[Published in the Bangor Daily News]

By Bill Trotter

If all goes according to plan, the local community library in Brooklin, Maine hopes to raise its profile beyond the commuting distance of the coastal town’s scenic village.

Friend Memorial Public Library, founded in 1912, has long been a place for residents and visitors to check out children’s books, novels and autobiographies. It is where young children and parents come for story time, artists can show their work, and hobbyists with photography or knitting groups can gather to exchange tips and information.

But, with a planned expansion, it’s also likely to draw in a larger set of enthusiasts: Those who want to read up on wooden boat design, construction and maintenance.

Staff members Sadie Cooley (seated) and Catherine Nevin of Friend Memorial Public Library in Brooklin, Maine look up information on a computer at the library’s circulation desk on Friday, May 17, 2024. The library is raising money for a planned expansion that will allow it to add thousands of volumes from the Wooden Boat School to its collection. Credit: Bill Trotter / BDN

Jon Wilson, founder of the well-regarded, Brooklin-based WoodenBoat magazine, is donating thousands of volumes that he compiled over decades to the Brooklin library to be housed in a new maritime research center. All the organization needs is a place to keep them so people, whether local or from far away, can learn more about the main thing that Brooklin is known for.

“In our community, we teach wooden boat building in elementary school,” said Robert Baird, chair of the library’s capital campaign committee. “Brooklin is really the wooden boat capital of the world.”

In 2022, Wilson sold the magazine, and the seasonal boat building school that sprang up from the publication, to its two top managers, Matthew Murphy and Andrew Breece. But Wilson retained ownership of the books and reference materials some of them quite rare — that the business had collected since its founding in 1974.

Those books and other items — more than 6,000 volumes in all — remain at the WoodenBoat campus off Naskeag Point Road, but under lock and key, and not readily available for public consumption. The magazine and its seasonal boat building education program remain vibrant, but as the enterprise has expanded more into the digital world and in-person instruction, its need for the collection has waned.

Still, Baird said there remains strong demand for the knowledge contained in the collection among wooden boat builders and enthusiasts. There are at least seven wooden boat-building companies in Brooklin, he said, and keeping the collection in town, where it will be publicly accessible, will benefit both them and residents.

An “OPEN” flag hangs outside the Friend Memorial Public Library in Brooklin, Maine, on Friday, May 17, 2024. A frameshowing a rough outline of the facade of a proposed addition can be seen through a gap in the sign. Credit: Bill Trotter / BDN
An “OPEN” flag hangs outside the Friend Memorial Public Library in Brooklin, Maine, on Friday, May 17, 2024. A frame showing a rough outline of the facade of a proposed addition can be seen through a gap in the sign. Credit: Bill Trotter / BDN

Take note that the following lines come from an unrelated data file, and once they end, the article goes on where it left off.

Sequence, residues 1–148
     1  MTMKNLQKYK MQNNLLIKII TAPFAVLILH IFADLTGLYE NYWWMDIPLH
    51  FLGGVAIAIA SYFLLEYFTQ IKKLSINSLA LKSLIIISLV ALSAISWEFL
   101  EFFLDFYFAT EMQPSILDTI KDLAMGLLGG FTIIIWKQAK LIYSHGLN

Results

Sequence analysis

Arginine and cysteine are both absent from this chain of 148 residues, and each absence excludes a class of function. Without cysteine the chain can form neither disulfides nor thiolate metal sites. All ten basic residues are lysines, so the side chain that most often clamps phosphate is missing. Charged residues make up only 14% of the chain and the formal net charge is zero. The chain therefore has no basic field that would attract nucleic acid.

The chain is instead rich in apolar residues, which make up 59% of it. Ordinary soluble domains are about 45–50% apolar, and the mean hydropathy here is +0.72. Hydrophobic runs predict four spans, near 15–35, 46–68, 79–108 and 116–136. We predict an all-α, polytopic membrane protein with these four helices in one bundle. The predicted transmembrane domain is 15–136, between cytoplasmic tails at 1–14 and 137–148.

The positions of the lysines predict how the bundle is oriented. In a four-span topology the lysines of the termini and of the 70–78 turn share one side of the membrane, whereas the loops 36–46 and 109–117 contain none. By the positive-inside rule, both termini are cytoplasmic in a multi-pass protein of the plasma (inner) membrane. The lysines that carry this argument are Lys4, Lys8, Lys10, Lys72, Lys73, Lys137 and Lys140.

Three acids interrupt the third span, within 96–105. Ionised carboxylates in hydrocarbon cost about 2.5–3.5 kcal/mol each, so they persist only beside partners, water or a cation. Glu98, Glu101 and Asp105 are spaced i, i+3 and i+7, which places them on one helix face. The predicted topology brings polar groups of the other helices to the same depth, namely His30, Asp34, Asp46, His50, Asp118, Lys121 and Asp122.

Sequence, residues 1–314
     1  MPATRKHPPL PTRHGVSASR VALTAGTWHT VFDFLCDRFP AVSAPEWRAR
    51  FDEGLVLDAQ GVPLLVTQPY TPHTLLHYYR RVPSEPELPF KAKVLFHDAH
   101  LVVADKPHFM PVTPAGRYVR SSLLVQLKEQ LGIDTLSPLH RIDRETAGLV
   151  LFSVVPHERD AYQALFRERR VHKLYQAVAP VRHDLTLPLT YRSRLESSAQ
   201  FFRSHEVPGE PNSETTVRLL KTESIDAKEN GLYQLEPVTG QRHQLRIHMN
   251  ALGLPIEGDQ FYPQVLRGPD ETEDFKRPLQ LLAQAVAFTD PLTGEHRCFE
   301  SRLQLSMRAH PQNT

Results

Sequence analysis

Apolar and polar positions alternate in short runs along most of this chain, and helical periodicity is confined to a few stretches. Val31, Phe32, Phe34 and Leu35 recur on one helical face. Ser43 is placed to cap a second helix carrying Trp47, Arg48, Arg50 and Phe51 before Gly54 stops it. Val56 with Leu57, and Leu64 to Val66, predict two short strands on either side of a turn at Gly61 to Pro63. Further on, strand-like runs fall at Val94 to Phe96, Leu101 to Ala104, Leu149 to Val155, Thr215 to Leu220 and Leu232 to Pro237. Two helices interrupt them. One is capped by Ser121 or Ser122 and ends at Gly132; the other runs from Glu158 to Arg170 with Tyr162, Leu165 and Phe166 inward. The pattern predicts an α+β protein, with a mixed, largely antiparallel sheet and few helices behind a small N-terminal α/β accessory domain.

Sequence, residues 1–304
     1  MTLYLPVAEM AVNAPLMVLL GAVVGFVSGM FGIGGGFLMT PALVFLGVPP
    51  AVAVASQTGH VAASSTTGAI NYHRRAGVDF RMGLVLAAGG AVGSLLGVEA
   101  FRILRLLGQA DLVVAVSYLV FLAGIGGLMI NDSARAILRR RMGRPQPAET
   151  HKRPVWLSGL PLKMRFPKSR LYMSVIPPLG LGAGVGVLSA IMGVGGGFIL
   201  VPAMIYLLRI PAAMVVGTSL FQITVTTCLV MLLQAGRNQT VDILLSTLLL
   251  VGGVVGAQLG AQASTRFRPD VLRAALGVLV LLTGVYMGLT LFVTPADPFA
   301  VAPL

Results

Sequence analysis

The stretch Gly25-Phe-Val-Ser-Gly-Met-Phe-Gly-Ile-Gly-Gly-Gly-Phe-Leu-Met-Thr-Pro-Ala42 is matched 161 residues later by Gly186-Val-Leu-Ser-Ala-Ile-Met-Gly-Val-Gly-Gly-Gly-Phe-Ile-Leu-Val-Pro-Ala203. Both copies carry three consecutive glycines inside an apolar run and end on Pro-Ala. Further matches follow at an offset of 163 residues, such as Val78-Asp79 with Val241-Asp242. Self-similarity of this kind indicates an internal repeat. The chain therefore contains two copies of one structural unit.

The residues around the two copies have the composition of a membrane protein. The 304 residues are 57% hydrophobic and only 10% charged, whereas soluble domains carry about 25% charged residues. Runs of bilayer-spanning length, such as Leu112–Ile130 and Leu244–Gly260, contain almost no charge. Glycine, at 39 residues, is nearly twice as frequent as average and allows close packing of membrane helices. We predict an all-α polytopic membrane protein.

“All of the boat shops will have daily access to the library,” Baird said. “It’s going to totally transform our little library in Brooklin.”

The donation by Wilson is not the only collection that will be housed in the library’s maritime research center. Earlier this year award-winning photographer Benjamin Mendlowitz contributed his collection of 155,000 slides of wooden sailing yachts, many of them published over decades in his Calendar of Wooden Boats and in multiple magazines, to the library.

With Wilson’s donation, the 2,200 square-foot library will have to roughly double in size in order to create the maritime research center for housing the collection, Baird said. The library has come up with a sketch plan for an annex where the collection will be kept, but is looking to raise at least $2.5 million to build the addition and increase its endowment.

Baird said the library’s board already had been looking at a renovation to modernize the building’s heating and ventilation systems, and to address overdue maintenance issues, when it learned that the former WoodenBoat collection needed a new home.

When Wilson offered the collection to the library, the board solicited plans from Elliott Architects in Blue Hill for an annex that would connect to the west side of the existing building, Baird said. A simple, full-size flat frame of boards that shows what the annex facade will look like now stands next to the library as a preview for what’s to come.

The plans also call for a paved parking lot on the east side of the library, via an easement on a neighboring property, and surrounding landscaping. A pergola and courtyard for hosting outdoor events would be built behind the existing building, and could connect to the local elementary school via a path through the woods, he said.

Baird said there has been good local support so far for the proposed research addition, which one donor has proposed be named after Maynard Bray, a maritime historian and longtime technical editor for WoodenBoat. He said that the library has not yet started a public fundraising campaign but, with the addition of WoodenBoat’s collection as part of its plans, he is “very confident” it will receive broad financial support.

“I think it will go,” Baird said. “I’m hoping by the end of the summer we’ll be well on our way.”